Serb hold out - Suspect still sought in beating of Brooklynite

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Justice for Fort Greene resident Bryan Steinhauer is a feat that’s getting harder and harder to accomplish.

Back in May, Steinhauer was beaten into a medically induced coma during a bar brawl near Binghamton University.

But now that he is finally out of his coma, the man who put him there, basketball player Miladin Kovacevic, is thousands of miles away back home in his native Serbia.

But no matter how hard the United States demands for his return, Serbia refuses to do so, claiming that their laws do not allow extradition.

And while Serbian officials had agreed to take Kovacevic into custody for 30 days so they can launch their own investigation, the young basketball stars’ attorney announced this week that his native country is bending their own rules and that his client should be returned home.

Late last month, Kovacevic was taken into custody in Belgrade, Serbia on suspicion that he “inflicted life-threatening bodily harm” on Steinhauer during the bar fight.

Kovacevic was arrested in Binghamton after the fight, but let go on bail.

Before he could respond to the charges in a Binghamton court, Kovacevic managed to get an emergency passport that allowed him to run back to his country.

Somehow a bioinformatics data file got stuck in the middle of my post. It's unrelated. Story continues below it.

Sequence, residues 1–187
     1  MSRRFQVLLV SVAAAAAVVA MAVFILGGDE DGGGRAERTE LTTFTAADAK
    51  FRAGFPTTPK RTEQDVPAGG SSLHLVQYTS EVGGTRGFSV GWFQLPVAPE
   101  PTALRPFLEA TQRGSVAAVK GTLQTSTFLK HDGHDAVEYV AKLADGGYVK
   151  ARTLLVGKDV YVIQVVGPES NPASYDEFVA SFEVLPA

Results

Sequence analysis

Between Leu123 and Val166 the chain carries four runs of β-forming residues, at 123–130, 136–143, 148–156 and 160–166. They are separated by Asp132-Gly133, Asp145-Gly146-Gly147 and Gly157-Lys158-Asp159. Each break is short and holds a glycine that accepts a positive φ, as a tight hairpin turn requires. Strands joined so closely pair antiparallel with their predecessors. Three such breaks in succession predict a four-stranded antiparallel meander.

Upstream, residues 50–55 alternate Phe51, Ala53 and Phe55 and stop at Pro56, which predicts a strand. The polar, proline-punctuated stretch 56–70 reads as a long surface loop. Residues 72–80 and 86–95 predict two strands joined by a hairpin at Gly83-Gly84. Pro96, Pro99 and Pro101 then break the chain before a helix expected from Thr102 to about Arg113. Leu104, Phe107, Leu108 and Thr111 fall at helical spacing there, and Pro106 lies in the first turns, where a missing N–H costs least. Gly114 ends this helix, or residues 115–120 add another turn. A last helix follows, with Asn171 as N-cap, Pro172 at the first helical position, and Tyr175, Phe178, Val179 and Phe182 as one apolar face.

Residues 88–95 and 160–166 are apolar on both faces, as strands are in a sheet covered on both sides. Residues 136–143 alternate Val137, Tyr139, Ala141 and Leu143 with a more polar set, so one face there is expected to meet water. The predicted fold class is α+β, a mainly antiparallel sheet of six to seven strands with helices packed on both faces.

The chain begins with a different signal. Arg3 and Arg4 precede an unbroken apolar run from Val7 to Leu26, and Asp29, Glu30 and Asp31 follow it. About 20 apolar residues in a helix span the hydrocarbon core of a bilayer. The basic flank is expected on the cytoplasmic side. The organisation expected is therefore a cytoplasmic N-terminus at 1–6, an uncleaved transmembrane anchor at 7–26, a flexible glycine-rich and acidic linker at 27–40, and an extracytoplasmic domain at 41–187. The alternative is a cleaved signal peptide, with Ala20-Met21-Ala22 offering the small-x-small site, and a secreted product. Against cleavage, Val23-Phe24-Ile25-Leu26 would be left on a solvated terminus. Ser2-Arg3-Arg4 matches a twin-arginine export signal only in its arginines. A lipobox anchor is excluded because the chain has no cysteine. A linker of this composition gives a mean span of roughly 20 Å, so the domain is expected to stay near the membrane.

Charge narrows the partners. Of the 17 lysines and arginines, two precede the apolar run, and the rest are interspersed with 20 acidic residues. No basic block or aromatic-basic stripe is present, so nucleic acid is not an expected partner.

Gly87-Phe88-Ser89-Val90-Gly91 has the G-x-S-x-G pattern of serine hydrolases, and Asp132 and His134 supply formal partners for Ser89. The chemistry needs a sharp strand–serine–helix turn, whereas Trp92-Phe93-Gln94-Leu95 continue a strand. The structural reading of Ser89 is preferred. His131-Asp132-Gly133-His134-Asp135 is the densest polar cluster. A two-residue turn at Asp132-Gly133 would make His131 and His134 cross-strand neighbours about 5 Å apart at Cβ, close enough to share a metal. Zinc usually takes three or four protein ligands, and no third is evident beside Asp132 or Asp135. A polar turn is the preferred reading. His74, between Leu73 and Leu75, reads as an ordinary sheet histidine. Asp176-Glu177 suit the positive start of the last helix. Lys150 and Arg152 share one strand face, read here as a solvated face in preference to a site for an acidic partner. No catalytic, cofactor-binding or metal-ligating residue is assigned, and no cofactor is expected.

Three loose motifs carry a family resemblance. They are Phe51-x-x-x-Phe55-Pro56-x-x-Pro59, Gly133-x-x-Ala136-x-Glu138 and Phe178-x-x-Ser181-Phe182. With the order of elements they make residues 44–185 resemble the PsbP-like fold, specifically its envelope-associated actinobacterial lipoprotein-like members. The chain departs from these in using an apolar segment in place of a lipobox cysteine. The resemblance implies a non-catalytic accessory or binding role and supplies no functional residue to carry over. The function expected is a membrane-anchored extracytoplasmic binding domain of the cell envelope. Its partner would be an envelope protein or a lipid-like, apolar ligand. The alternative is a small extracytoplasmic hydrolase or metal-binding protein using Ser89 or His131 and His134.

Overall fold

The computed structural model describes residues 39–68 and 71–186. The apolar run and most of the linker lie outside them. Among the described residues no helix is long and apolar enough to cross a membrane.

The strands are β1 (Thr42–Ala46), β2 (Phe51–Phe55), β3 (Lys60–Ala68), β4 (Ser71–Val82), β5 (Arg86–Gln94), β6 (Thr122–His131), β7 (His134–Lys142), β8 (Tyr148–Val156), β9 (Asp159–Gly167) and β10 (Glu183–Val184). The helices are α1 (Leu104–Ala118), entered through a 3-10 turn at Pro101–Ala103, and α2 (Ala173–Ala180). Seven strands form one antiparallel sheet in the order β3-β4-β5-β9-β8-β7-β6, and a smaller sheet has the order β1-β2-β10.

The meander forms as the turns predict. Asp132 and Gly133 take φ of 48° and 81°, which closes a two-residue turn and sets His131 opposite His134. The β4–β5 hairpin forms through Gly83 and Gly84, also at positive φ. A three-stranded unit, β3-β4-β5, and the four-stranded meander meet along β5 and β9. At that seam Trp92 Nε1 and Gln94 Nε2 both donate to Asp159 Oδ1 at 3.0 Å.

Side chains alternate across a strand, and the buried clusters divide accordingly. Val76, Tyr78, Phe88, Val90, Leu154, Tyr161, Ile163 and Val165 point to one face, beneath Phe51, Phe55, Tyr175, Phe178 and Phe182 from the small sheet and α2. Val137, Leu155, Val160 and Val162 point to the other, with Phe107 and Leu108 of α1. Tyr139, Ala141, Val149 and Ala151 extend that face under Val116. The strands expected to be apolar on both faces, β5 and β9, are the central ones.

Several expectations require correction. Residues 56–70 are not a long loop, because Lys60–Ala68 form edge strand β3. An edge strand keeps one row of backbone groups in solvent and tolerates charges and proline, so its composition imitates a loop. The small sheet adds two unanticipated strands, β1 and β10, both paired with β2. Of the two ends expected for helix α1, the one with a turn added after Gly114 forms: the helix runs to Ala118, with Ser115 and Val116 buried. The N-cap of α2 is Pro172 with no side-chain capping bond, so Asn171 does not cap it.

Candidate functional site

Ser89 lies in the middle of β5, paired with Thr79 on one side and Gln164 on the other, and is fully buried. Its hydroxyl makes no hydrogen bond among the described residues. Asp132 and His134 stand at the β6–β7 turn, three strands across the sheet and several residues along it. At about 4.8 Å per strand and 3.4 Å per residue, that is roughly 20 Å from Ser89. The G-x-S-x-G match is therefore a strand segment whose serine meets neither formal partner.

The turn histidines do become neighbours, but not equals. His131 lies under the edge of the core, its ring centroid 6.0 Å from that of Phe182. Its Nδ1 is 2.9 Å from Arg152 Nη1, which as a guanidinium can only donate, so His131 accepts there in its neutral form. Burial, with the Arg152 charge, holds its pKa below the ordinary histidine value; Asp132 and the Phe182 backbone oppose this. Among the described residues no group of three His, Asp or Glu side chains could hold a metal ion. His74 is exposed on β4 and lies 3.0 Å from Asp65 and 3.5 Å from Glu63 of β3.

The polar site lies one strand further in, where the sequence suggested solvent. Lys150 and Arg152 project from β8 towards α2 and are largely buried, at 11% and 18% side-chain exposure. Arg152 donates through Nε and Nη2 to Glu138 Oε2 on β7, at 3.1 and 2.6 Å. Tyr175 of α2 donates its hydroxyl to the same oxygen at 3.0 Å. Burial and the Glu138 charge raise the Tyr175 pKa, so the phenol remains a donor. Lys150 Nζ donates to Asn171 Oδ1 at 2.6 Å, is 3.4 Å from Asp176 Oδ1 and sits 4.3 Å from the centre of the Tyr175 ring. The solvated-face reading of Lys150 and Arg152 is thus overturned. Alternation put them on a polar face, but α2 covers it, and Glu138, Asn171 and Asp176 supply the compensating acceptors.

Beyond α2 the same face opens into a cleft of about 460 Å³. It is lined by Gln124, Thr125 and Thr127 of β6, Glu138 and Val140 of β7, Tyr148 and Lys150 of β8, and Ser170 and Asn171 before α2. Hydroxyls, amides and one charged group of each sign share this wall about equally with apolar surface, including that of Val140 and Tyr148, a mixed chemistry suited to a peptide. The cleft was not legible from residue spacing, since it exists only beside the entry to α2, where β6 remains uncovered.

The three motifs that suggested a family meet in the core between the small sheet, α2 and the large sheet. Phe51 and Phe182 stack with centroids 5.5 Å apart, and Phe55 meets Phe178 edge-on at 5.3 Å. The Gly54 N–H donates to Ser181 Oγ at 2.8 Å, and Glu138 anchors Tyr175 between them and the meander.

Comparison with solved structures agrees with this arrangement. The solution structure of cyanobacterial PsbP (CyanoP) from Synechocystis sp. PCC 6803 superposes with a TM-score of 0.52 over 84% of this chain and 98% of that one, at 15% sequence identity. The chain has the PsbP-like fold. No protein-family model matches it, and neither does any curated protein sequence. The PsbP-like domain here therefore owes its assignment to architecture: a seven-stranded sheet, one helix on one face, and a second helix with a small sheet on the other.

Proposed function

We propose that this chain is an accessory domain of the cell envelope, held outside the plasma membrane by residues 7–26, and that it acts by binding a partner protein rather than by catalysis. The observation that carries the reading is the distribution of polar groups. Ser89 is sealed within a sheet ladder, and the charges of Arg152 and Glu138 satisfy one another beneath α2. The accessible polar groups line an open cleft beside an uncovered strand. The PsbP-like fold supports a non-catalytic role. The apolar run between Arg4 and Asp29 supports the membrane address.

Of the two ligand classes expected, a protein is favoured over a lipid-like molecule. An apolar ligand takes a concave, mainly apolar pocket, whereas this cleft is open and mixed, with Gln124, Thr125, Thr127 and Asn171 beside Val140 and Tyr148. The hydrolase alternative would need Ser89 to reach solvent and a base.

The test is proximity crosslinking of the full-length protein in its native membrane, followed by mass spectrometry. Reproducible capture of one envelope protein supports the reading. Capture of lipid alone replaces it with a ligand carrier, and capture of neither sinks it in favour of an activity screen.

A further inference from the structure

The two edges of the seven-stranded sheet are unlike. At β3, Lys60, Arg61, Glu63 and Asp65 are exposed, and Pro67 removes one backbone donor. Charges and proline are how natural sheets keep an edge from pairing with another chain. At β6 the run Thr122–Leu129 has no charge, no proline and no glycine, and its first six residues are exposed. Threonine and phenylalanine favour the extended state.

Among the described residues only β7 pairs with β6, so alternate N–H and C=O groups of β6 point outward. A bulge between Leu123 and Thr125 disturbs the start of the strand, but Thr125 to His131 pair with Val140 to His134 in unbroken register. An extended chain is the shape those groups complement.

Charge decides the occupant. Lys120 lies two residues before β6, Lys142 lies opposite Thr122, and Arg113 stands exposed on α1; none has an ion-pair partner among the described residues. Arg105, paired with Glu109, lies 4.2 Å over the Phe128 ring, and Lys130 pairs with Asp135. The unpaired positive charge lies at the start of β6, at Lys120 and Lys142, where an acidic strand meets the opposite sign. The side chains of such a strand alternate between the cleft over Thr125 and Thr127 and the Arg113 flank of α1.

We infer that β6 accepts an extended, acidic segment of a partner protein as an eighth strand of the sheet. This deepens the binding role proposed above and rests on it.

Steinhauer’s parents called upon U.S. Senators Charles Schumer and Hillary Clinton to intervene on the family’s behalf.

Schumer took their pleas to Washington, but no matter how far up the ladder they went, they were still unable to break through Serbia’s non-extradition laws.

When he was finally taken into custody, Schumer and Clinton praised the arrest, but also demanded that he be handed back to the U.S. for trial.

Now, Borivoje Borovic, Kovacevic’s attorney, said that his client should never have been put in jail unless the case had been handed over to the Serbians.

On Friday, he demanded that the Serbian government release his client and end their probe unless they are taking up the case themselves.

Serbian officials were evaluating Borovic’s requests as this paper went to press.

Updated 11:48 am, January 16, 2019
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